Syringa pekinensis

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Robert Pavlis

Syringa pekinensis:photo by Robert Pavlis

Syringa pekinensis is a small multi-stemmed tree that would fit most gardens. It has large clusters of cream-white flowers and exceptional exfoliating bark. If it had great fall color it would be one of the most popular trees on the market, but unfortunately the leaves just go brown.

Syringa pekinensis:photo by Robert Pavlis
Syringa pekinensis full tree: photo by Robert Pavlis

Most sources use the name Syringa pekinensis, but some call it Syringa reticulate subsp pekinensis.

Syringa pekinensis:photo by Robert Pavlis
Syringa pekinensis showing exfoliating bark: photo by Robert Pavlis

The tree shape and flowers are very reminiscent of S. reticulata but the later does not have the nice reddish bark. Common names include Chinese tree lilac, Peking lilac and Pekin lilac. This illustrates the problem with common names, since S. reticulata is also commonly called the Chinese tree lilac.

Syringa pekinensis:photo by Robert Pavlis
Syringa pekinensis: photo by Robert Pavlis

 The Peking lilac has few pests and is even resistant to powdery mildew, which can be a problem on the common French lilac. The flowers are fragrant but not everyone likes their smell. They do however attract hummingbirds and butterflies. It is difficult to find at nurseries, but can be easily grown from seed. The tree in the pictures is one of two that I germinated about 9 years ago, and they have been flowering for several years.

Like any lilac, the plant makes suckers and lots of branches. The tree looks best if it is pruned to a few main trunks and limbed up so that there are few leaves in the lower section. This exposes the beautiful reddish bark at eye level. As the tree ages, the bark becomes dull gray and then it is time to allow some new shoots to develop from ground level to eventually replace the old ones. You only need to do this every 5 years or so.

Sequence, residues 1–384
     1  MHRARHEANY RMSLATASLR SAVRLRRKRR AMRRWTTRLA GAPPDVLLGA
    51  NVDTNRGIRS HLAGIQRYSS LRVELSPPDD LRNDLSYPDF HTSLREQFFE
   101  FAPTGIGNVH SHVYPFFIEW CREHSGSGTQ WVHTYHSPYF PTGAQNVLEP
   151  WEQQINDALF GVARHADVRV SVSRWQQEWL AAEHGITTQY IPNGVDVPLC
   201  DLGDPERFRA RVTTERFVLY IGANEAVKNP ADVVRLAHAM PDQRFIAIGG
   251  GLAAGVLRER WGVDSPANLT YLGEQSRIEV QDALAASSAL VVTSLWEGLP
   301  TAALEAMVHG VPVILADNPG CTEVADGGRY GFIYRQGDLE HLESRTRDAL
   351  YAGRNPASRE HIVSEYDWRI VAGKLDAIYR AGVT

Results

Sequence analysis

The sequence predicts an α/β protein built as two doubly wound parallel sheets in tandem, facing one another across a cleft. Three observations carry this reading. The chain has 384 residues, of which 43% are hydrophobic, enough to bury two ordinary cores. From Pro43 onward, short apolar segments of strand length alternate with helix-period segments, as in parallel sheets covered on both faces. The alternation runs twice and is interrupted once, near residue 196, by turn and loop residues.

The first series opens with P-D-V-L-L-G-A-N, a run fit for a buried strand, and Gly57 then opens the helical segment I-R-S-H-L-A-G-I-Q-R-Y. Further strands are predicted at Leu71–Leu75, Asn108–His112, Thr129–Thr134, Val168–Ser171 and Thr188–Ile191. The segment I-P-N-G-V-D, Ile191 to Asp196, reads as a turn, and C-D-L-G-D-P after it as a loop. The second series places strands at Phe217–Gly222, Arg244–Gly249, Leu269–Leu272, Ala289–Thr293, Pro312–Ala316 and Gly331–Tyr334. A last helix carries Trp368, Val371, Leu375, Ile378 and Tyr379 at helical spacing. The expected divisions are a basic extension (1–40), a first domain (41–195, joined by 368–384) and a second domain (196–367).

Compost Science for Gardeners by Robert Pavlis
Syringa pekinensis:photo by Robert Pavlis
Syringa pekinensis flower cluster: photo by Robert Pavlis

 

Syringa pekinensis:photo by Robert Pavlis
Syringa pekinensis closeup of flower: photo by Robert Pavlis

Syringa pekinensis

(si-RING-gah pee-keen-EN-sis)

Life Cycle: tree

Height: 5 m (15 ft)

Bloom Time: late spring

Natural Range: Northern China

Habitat: wooded slopes and valleys

Synonyms: none

Cultivation of Syringa pekinensis

Light: full sun

Soil: average, tolerates clay

Water: medium moisture

USDA Hardiness Zone: 3 – 7

Propagation: seed

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Robert Pavlis

I have been gardening my whole life and have a science background. Besides writing and speaking about gardening, I own and operate a 6 acre private garden called Aspen Grove Gardens which now has over 3,000 perennials, grasses, shrubs and trees. Yes--I am a plantaholic!

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